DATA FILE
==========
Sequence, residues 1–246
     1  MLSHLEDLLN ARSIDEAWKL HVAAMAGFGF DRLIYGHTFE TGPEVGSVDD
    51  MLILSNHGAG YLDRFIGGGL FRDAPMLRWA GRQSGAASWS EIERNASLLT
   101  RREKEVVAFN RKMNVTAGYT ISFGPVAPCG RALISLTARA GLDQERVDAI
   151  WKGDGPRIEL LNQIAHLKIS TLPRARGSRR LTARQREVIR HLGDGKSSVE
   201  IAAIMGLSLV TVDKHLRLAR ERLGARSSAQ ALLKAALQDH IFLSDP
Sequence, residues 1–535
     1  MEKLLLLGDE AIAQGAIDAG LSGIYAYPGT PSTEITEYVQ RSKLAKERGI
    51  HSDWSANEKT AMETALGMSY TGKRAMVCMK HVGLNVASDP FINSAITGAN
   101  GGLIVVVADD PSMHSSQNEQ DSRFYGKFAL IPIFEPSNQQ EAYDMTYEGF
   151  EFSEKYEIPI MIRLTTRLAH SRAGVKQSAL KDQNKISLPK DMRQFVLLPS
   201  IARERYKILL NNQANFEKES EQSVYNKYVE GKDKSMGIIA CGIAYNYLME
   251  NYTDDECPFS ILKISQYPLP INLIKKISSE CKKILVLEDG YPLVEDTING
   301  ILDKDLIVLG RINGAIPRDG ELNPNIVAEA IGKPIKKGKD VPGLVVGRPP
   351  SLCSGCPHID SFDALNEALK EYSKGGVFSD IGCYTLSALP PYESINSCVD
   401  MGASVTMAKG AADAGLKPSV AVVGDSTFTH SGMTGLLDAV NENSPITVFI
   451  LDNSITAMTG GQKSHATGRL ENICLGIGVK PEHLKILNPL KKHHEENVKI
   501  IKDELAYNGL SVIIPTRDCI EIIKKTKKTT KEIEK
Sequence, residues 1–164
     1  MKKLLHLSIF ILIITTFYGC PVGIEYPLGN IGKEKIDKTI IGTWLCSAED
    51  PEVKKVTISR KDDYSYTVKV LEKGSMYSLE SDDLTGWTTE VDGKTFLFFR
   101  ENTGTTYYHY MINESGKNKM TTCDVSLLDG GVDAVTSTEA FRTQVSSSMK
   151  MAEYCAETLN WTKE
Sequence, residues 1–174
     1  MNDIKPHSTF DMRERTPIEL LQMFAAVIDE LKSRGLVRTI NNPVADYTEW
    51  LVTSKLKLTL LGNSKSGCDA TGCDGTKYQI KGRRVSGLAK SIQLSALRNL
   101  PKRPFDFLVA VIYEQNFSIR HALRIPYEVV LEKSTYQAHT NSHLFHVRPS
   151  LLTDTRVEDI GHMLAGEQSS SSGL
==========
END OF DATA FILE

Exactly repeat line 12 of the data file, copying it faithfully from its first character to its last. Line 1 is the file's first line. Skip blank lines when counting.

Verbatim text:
   201  IARERYKILL NNQANFEKES EQSVYNKYVE GKDKSMGIIA CGIAYNYLME